The aficionado, or lover of the bullfight, may be said, broadly, then, to be one who has this sense of the tragedy and ritual of the fight so that the minor aspects are not important except as they relate to the whole. Either you have this or you have not, just as, without implying any comparison, you have or have not an ear for music. Without an ear for music the principle impression of an auditor at a symphony concert might be of the motions of the players of the double bass, just as the spectator at the bullfight might remember only the obvious grotesqueness of a picador. The movements of a player of the double bass are grotesque and the sounds produced are many times, if heard by themselves, meaningless. If the auditor at a symphony concert were a humanitarian as he might be at the bullfight he would probably find as much scope for his good work in ameliorating the wages and living conditions of the players of the double bass in symphony orchestras as in doing something about the poor horses. However, being, let us suppose, a man of culture and knowing that symphony orchestras are wholly good and to be accepted in their entirety he probably has no reactions at all except pleasure and approval. He does not think of the double bass as separated from the whole of the orchestra or as being played by a human being.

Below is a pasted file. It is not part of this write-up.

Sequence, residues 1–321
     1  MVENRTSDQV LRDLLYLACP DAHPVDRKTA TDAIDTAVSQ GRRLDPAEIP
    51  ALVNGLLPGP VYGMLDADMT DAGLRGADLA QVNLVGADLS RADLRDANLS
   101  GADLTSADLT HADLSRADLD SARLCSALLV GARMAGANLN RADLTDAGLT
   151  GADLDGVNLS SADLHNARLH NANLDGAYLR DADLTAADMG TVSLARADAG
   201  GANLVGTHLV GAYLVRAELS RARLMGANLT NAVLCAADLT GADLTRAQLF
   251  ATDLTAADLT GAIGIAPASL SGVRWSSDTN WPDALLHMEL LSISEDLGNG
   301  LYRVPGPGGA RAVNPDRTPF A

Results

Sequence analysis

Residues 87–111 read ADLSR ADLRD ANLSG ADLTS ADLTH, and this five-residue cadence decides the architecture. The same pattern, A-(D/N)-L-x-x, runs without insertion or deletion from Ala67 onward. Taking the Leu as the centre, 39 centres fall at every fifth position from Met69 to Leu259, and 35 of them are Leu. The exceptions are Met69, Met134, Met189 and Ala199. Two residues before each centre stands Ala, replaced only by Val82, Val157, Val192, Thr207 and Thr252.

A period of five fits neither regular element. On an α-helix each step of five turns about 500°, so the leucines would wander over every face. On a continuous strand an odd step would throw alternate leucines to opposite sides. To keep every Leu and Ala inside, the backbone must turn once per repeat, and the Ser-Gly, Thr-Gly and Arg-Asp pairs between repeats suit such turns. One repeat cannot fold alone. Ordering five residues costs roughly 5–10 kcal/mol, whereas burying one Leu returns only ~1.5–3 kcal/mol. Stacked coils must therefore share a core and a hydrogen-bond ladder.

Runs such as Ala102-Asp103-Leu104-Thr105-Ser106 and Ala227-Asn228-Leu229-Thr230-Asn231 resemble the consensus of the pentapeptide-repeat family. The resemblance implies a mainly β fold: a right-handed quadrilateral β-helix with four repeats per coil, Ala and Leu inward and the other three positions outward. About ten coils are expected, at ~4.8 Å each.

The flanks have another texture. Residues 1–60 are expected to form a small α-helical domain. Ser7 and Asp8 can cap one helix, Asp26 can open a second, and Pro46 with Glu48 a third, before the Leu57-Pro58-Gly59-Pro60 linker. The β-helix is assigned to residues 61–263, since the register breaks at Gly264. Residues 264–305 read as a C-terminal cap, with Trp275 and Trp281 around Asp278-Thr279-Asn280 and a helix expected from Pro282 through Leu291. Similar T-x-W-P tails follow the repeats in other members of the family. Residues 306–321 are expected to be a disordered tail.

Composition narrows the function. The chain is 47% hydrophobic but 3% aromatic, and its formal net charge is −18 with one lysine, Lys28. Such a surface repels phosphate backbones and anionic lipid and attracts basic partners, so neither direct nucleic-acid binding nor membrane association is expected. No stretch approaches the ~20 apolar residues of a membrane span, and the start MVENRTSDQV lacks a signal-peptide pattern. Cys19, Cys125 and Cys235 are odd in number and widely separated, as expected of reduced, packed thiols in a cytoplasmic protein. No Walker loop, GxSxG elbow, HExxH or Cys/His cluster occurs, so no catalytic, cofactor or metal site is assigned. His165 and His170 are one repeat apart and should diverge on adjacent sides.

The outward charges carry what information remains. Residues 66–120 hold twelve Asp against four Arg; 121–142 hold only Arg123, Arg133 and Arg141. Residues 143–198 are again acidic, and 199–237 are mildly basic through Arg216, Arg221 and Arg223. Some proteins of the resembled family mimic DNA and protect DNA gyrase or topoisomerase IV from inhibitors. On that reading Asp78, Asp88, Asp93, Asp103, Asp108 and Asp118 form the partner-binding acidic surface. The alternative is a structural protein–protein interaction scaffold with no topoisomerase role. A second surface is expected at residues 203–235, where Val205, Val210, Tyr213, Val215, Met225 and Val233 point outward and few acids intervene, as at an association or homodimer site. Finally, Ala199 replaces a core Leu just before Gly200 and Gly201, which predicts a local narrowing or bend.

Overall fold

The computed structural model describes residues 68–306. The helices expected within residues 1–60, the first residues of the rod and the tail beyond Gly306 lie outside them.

As in all arts the enjoyment increases with the knowledge of the art, but people will know the first time they go, if they go open-mindedly and only feel those things they actually feel and not the things they think they should feel, whether they will care for the bullfights or not. They may not care for them at all, no matter whether the fight should be good or bad, and all explanation will be meaningless beside the obvious moral wrongness of the bullfight, just as people could refuse to drink wine which they might enjoy because they did not believe it right to do so.